Deuteronomy 33

The Word Made Fresh

1Moses, the man of God, made these pronouncements to Israel before he died: He said,

2“From Sinai the LORD came at dawn, shining from Mount Paran, approaching from Seir. 3Surely, LORD, you love your people. You took charge of them and they followed behind you.”

4Moses gave the law for the people of Jacob to possess, 5and as the leader of the people he gathered the tribes of Israel and said,

6“Let Reuben survive and never die away even when his numbers are diminished.

7“LORD, attend to Judah. Bring his people together and make him strong against his enemies.”

8Then he said of Levi, “Your Urim and Thummim belong to the ones whom you tested at Massah and challenged at Meribah; 9the ones who did not claim their ancestry or insist on advantage for their children but obeyed your word and kept their agreement with you. 10They will teach Jacob your rules. They will explain your laws to Israel. They will burn the incense before you and burn sacrifices on your altar. 11Lord, reward their diligence and accept the work of their hands. Crush the strength of their enemies and all who hate them until they rise no more.”

12Then he spoke of Benjamin and said, “He is the LORD’s beloved and he will rest safely because the One above him protects him all day long, and he is carried on the LORD’s shoulders.  

13Of Joseph, he said, “The LORD will bless your land with rain from above and the fertile earth below; 14with the sun making your crops grow month by month 15to produce the best harvest the ancient hills can provide with abundance. 16You will have the best the earth has to give and the favor of the One who spoke from the burning bush. Let Joseph have all this, for he is a prince among his brothers — 17his mother’s firstborn, with the strength of a bull, as majestic as the horns of an ox, and he will gore the people and drive them to the far corners of the earth. That is the future of the hosts of Ephraim and the thousands of Manasseh.”

18Then of Zebulun and Issachar he said, “Take joy in all your endeavors, Zebulun. Be joyful in your tents, Issachar. 19You will summon the people to the mountain where you will offer right sacrifices. You will enjoy the wealth of the seas and the treasures beneath the soil.”

20Then he addressed Gad: “Gad will grow in number. He is like a lion that claws the arm and tears the head. 21He chose what is best, reserving the leader’s part for himself. He rose as the head of the people and carried out the LORD’s judgements and laws for Israel.”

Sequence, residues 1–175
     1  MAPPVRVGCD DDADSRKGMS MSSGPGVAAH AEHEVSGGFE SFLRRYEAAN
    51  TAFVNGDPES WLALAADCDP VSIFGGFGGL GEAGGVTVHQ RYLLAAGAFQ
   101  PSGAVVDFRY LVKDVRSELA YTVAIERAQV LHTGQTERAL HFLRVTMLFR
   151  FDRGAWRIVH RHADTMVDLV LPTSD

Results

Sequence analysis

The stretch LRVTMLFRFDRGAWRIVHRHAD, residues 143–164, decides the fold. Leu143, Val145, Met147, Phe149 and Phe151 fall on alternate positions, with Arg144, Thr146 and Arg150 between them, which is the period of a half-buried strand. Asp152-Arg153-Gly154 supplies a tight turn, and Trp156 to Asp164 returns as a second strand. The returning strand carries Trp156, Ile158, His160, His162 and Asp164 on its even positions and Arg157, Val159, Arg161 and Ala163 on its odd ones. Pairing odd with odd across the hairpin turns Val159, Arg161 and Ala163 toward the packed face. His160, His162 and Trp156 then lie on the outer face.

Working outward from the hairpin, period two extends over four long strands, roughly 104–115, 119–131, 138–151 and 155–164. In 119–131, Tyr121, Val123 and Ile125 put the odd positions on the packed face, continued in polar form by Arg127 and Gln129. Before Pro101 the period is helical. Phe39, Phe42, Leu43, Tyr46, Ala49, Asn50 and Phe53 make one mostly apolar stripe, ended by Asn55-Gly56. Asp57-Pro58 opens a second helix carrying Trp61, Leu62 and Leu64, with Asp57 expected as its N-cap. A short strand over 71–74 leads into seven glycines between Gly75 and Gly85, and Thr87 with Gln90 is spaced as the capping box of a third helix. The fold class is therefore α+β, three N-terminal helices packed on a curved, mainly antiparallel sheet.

22Of Dan he said, “Dan is a lion cub leaping out of Bashan.”

23Of Naphtali he said, “Naphtali is filled with rewards from the LORD, possessing territory south and west.”

24Then he spoke of Asher, and said, “Asher is the most fortunate of the sons, his brothers’ favorite whose paths are oiled, 25whose gates are barred with iron and bronze, and whose strength will last all his days.”


1-5: The last chapter contained the words God gave Moses for the tribes. This chapter has Moses blessing the tribes in his own words. Much in these five verses is difficult to translate, and you may find a wide variety of renditions if you consult various versions of the Bible. Some of what is said here sounds like someone speaking about Moses (verse 4), rather than by him. Still, the stage is set for the following blessings: Israel is God’s favorite.

6-25: The blessing of the twelve tribes. Their individual identities gradually pass away through the years that follow, but the memory of twelve tribes is preserved. Simeon, the second son of Jacob (Leah was his mother) is not mentioned here, but the number 12 is preserved by dividing the tribe of Joseph into two — Ephraim and Manasseh. The most prominent tribes in later history were: Judah, which became a kingdom of its own after the reign of Solomon; Ephraim, the most influential tribe in the north (after Solomon’s reign, the northern kingdom of Israel was sometimes referred to as Ephraim); and Levi, from which the priesthood was formed.

8-11: Levi gets the longest “blessing,” probably because of their significance in maintaining the worship life of Israel and thus the covenant with God. Much of Moses’ blessing alludes to military conquest, and to the wealth of wildlife in the land.

26-29: After blessing the tribes, Moses returns to the praise of God, and ends with a blessing for the collective people of Israel.


Moses’ blessing served to give the community an identity — it told them who they were. In some ways it is a natural aspect of family life; our lives are shaped to some extent by the identity given to us — spoken out, sometimes — by our parents and grandparents, etc. Perhaps you can think of examples from your own family history. What did your parents and grandparents tell you that helped shape who you are today?